Speed question

I was trying to push my new canoe as fast as I could Saturday. It accelerated steadily up to about 5.7 mph but when I really started paddling hard, it started to lose a little speed. Does that make sense?

Hull speed
The speed in knots of a displacement hull (your canoe) is equal to 1.34 X sq root of the waterline length. In your case this should be equal to 5.6 knots or 6.1 mph. To go faster you need to expend enough energy to plane the hull or get a longer boat for more waterline length. Whole books have been written on this subject.

see thread

Thanks. What that translates to for me
is paddle at a relaxing pace and enjoy the inherent speed, which is pretty good.

5.6 knots = 6.4 mph

off the wall i speculate
that your slightly less than all out stroke is smoother and the boat is moving in more of a straight line with less pitch and yaw than your full on technique. did i say technique?


– Last Updated: Mar-08-04 7:13 PM EST –

I think Danny is right about your technique. Your efficiency probably goes south when you try too hard. All the stuff said about hull speed is true, but I don't think it applies in this case since you actually slowed down. At hull speed, one would expect that with increased effort it would get extremely difficult or impossible to go faster, but you wouldn't slow down.

There are more expert paddlers here than I and I hope they weigh-in here, but I'll guess you are making a stroke that is too long. If you put a lot of energy into portions of the stroke where you are "reaching", you won't put as large a proportion of your effort into straight-line propulsion. With your boat, I doubt you will notice much yaw since it tracks so hard. Also, misdirected paddle force can be downward, tending to lift the boat (when reaching forward) or up, tending to pull the boat down (when reaching back). I see the same thing when rowing. When I really want to sprint, a long stroke won't get me to as fast a speed as rapid, short strokes. In this case, reaching too far causes the oars to push water out and away from the boat when at the beginning of the stroke, and then toward the boat at the end. During the center of the stroke the force is straight back, which is the most efficient direction to push, so a large number of short strokes in that "center" zone create a higher top speed.

I recently read an article about using a bent-shaft paddle for speed and all-day efficiency, and the author suggested using incredibly short, rapid strokes, with the purpose being to apply effort only within that narrow zone of your reach where the power face of the paddle faces directly toward the rear.

Don't know if that helps, but that's what comes to mind.


I just looked at the photos provided with your other post. FIRST, let me say, What a lovely boat! I've only seen one on the water one other time - the Voyager is sure an eye-catcher!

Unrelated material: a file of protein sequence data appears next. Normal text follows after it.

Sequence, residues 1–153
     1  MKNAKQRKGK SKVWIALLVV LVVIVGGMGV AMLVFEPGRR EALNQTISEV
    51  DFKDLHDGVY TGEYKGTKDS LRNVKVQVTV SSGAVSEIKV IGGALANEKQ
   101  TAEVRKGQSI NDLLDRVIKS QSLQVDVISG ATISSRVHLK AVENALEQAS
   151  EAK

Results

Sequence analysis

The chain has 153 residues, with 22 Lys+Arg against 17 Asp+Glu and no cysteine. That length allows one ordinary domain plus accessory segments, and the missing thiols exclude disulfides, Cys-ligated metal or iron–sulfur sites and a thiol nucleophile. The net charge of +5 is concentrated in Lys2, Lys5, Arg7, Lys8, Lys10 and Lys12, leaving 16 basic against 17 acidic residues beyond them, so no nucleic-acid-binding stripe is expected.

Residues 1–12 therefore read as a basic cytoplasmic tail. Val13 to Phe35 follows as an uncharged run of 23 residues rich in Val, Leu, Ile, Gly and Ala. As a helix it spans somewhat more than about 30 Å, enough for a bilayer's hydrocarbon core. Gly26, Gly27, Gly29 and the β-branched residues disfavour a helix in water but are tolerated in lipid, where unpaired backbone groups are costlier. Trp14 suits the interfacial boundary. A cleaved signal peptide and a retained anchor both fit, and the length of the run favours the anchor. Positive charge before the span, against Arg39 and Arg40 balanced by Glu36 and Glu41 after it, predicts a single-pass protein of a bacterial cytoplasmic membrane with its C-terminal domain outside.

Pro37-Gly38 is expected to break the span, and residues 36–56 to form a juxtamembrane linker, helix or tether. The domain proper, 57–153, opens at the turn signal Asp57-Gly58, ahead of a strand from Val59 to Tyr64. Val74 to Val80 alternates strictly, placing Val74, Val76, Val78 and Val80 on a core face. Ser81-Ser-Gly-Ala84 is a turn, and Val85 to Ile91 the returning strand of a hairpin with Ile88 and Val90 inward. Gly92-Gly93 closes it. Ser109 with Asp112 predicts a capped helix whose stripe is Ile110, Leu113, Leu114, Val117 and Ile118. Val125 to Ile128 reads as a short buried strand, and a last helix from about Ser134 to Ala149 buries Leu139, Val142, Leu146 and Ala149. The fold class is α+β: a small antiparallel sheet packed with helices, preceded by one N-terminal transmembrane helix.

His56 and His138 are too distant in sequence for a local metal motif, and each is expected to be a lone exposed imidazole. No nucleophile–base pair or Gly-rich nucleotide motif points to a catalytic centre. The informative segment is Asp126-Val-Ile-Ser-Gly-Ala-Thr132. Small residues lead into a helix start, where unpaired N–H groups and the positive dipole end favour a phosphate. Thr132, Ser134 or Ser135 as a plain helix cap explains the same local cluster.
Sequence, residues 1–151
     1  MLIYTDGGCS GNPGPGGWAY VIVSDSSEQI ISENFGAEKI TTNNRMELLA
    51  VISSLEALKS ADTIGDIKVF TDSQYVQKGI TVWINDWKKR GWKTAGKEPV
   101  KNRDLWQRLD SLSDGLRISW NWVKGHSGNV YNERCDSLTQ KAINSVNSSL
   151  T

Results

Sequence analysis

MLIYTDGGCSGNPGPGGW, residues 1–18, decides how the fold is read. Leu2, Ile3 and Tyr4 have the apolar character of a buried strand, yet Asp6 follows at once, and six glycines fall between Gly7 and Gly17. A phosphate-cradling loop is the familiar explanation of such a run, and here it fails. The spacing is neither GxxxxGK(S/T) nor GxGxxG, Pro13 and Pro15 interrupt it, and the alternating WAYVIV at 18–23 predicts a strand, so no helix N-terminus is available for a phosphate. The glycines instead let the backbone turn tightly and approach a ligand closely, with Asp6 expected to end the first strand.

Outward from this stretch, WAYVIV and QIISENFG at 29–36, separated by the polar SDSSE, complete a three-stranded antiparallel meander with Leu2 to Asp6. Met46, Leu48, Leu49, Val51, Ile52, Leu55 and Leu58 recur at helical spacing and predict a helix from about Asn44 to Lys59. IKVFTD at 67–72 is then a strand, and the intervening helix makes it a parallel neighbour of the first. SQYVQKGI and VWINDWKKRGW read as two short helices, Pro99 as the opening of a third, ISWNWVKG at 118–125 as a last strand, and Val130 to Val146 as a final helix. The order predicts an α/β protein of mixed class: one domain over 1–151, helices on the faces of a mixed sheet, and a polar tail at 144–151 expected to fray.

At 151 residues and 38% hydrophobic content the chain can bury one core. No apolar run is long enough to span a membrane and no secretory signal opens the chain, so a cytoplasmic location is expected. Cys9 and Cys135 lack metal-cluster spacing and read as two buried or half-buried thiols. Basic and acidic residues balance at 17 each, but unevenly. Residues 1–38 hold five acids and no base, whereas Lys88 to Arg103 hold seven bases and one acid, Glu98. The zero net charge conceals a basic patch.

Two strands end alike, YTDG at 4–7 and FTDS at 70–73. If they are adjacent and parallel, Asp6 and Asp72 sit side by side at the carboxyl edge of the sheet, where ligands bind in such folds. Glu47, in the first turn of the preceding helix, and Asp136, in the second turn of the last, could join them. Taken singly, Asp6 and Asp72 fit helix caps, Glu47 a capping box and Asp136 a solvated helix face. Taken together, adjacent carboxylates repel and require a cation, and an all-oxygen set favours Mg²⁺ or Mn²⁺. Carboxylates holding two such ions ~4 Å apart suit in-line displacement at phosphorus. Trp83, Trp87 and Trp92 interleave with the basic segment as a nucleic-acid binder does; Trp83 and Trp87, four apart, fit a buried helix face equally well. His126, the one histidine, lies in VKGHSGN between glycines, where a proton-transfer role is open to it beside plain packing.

Second: After looking at your kayak paddle and its angle in the water during part of the stroke, I'd suggest you get yourself a bent-shaft single-blade and try it out. You might be surprised at how fast the thing will go. You'll have to sit-and-switch to make the best use of it though.

Once again, Gosh that boat looks like fun! I'm jealous.

Read better books!!!
Narrow hulled vessels like kayaks and canoes surpass hull speed all the time and do NOT have to plane to do so.

Stern Squat begins around S/L (Speed/Length ratio) 1.0. Displacement begins to increase.

“Hull Speed” is S/L 1.34. A wave lenght limit, not a speed limit. Faster canoes and kayaks can be sprinted above this fairly easily.

Dispalcement equalizes (to same as static amount and then begins to decrease) at S/L 2.2 and up. Olymians are at S/L 2.0 - 2.2 in K1 sprints! (Not sure how to arrive at this and if it varies with width as it’s not a wave function like hull speed - sailing folks should know as they operate in this intermediate range a lot).

Planing is somewhere above S/L 3 (don’thave number) - no one goes there under paddle power.

Yup, I get same thing in my kayak. Steady accelleration up to a certain point - then if I add more power I lose gound!

I back off a bit and focus on stroke technique and it goes back up. Keeping that feel, I can gradually add in a littel more to get a little more.

Hours on the water with attention to technique is the fix. Don’t expect top speeds now. Work on smooth reliable speeds over distance first. More will come.

Actual cause is possibly everything mentioned. Any part of the stroke or boat attitude can contribute.

For me it seems mostly to be from over powering the paddle. Makes it move more thought the water instead of staying planted. I lose more energy to moving/swirling water and less applied to moving the boat.

Did I mention: Technique?